addressalign-toparrow-leftarrow-rightbackbellblockcalendarcameraccwcheckchevron-downchevron-leftchevron-rightchevron-small-downchevron-small-leftchevron-small-rightchevron-small-upchevron-upcircle-with-checkcircle-with-crosscircle-with-pluscrossdots-three-verticaleditemptyheartexporteye-with-lineeyefacebookfolderfullheartglobegmailgooglegroupshelp-with-circleimageimagesinstagramlinklocation-pinm-swarmSearchmailmessagesminusmoremuplabelShape 3 + Rectangle 1ShapeoutlookpersonJoin Group on CardStartprice-ribbonShapeShapeShapeShapeImported LayersImported LayersImported Layersshieldstartickettrashtriangle-downtriangle-uptwitteruserwarningyahoo

$150 20-Course Chef's Omakase at Nozawa Bar at SugarFISH in Beverly Hills

Please Make Note of Pleasure Palate Attendance Policies and our 3 Strikes Rule by clicking here before RSVP-ing to this Event. Cancelling your RSVP within 24 hours or not showing up at the event without contacting the Organizer ahead of time will result in a strike even if you had pre-paid for this event. 3 Strikes and You're Out!


THERE ARE "8" AVAILABLE SEATS FOR THIS EVENT.  I AM CO-HOSTING THIS EVENT WITH GAY FOODIES.

ADVANCED PAYMENT IS REQUIRED FOR THIS EVENT, AS I DO NOT WANT TO BE CHARGED 67% OF THE COST OF THE DINNER BY ANYONE WHO DROPS OUT WITH LESS THAN 8 DAYS FROM THE TIME OF OUR RESERVATION, OR THE FULL PRICE OF THE DINNER ($150) FOR EACH "NO SHOW".  IN ADDITION, ATTIRE FOR THIS RESTAURANT IS "BUSINESS CASUAL."

(Left: Kampachi Sashimi with Live Octopus, photo by Jeff Miller of Thrillist.com)

 

 

 

 

 

 

 

TO RSVP FOR THIS EVENT:

  1. YOU MUST NOT HAVE ANY DIETARY RESTRICTIONS IN ORDER TO ATTEND THIS EVENT.
  2. Please add yourself to the "Wait List." Then, make your payment to me via PayPal (www.paypal.com) to [masked] for $155.00 -- a $150.00 refundable advanced payment plus a $5.00 non-refundable PayPal processing fee (Total payment of $155.00)per person.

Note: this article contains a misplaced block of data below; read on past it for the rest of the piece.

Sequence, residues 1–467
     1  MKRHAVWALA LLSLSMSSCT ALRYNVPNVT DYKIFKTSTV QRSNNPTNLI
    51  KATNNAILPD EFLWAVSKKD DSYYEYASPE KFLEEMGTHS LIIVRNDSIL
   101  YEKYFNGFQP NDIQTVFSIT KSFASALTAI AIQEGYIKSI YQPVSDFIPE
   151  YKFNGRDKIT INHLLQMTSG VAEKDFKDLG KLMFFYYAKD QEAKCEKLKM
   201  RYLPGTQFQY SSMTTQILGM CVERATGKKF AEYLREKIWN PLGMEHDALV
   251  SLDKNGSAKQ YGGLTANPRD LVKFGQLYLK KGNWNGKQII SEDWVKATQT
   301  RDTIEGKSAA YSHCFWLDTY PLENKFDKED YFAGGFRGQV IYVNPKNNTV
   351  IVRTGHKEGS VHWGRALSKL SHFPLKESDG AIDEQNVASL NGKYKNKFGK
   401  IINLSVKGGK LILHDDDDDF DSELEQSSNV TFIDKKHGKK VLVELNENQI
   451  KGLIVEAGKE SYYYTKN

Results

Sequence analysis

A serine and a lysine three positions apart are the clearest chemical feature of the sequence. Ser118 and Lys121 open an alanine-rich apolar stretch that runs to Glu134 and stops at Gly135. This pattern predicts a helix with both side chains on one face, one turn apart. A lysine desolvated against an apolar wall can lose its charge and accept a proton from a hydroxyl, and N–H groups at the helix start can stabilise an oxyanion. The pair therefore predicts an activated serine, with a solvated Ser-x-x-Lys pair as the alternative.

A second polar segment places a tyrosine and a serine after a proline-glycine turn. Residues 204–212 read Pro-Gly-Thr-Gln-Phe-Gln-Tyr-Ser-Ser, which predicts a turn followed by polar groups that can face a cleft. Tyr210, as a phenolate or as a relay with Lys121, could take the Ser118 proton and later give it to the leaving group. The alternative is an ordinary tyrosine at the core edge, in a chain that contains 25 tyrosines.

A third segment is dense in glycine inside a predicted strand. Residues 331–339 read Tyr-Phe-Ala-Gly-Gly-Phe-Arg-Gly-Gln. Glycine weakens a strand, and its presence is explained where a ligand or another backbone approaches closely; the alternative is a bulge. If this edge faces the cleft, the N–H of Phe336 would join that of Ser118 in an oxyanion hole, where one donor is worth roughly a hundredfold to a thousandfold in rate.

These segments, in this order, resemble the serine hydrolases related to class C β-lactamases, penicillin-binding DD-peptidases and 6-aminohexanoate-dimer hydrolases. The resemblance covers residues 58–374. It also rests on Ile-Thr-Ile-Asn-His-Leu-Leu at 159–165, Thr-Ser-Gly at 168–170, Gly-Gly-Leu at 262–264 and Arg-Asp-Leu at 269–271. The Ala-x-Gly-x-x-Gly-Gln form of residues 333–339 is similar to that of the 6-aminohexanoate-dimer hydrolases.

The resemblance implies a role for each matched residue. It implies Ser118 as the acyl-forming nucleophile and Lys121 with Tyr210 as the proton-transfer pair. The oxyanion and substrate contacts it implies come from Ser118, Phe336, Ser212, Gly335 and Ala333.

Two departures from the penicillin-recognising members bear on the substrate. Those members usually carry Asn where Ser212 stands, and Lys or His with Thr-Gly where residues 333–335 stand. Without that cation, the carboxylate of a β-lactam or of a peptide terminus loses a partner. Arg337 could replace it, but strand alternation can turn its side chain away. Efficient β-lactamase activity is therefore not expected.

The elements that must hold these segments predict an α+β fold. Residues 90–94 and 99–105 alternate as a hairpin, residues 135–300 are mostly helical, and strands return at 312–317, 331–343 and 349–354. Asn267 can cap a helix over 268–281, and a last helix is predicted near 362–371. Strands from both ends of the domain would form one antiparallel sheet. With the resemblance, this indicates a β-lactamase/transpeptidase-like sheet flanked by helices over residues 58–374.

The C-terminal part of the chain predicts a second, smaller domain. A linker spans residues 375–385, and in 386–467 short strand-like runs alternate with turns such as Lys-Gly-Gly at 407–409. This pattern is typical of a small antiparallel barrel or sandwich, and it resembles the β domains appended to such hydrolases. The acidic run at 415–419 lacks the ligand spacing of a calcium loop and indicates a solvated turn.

3. Once I am notified that payment has been made, I will change your RSVP from "Wait List" to "I'm Going."
  4. If you attend the event, your $150.00 payment will be applied towards the total of your dinner.
  5. No refunds will be issued if you are a "No Show" to the event, or if you cancel with less than 7 days notice.  (I need time to be able to call the restaurant an make adjustment(s) to the reservation.)
  6. On the day of the event, please bring at least $50 in CASH ($100, if you are planning to order any sake or other beverages) to settle the remaining portion of the bill, which includes sales tax and at least 18% gratuity.  With a party of 8, Nozawa Bar may not accept more than 2 credit cards as payment toward our check.
  7. You can view a slideshow of a recent omakase dinner here: http://www.thrillist.com/eat/los-angeles/beverly-hills/nozawa-bar#slide=1
  8. Public parking is available across the street, next to Bouchon. Parking is free for the first 2 hours; thereafter it is $3 for every 30 minutes. After 6 pm, there is a flat fee of $5. Valet parking is $6 and is available daily beginning at 6:00 pm.  Street parking is also available. Just be sure to read the street signs for any parking restrictions, especially if you need to feed the meter.
  9. We will meet in the lobby of the restaurant.  Do NOT arrive late.  The first course will promptly be served at 6:05pm, and the chef will not wait for any latecomers.

Nozawa Bar is the "secret sushi bar" that's located in a private room at the back of the SugarFISH BH, offering a "sushi experience that's not for the faint of heart."

 

(Left: Monkfish Liver Pate with Miso Sauce, photo by Jeff Miller of Thrillist.com)

 

 

 

 

 

 

From Eater LA.com:

From the team that brought you the defunct Sushi Nozawa and sugarFISH comes a new, advanced omakase experience presided over by Osamu Fujita(Sushi Nozawa), serving a daily changing 20-course meal of rare and exotic sea animals. Craving raw octopus? Step right this way.

Nozawa Bar, which served its first omakase meal last night, is offering both lunch and dinner priced at $130/head and $150/head respectively. But that excludes alcohol, which is available off this list.

The takeaway here is that Nozawa Bar is an advanced level sushi adventure, open to anyone actually able to score one of those 10 seats. And those seats will likely be a very hot ticket. While management didn't want to share too many menu details, this is a place geared to hard core sushi eaters and those looking to find exciting and challenging dishes. A conceptual departure from both Sushi Nozawa and sugarFISH, though serving the same pristine quality of seafood. However, that's not to say that a dish or two from the original Sushi Nozawa, like, say, monkfish liver, won't resurface here.

About Chef Osamu Fujita:

Chef Osamu Fujita, a long-time friend and colleague of Chef Nozawa, presides behind the bar at Nozawa Bar.

Fujita was born into a long line of prestigious chefs in Japan, and from an early age, he immersed himself in Japan’s culinary scene, studying with some of the country’s most renowned chefs.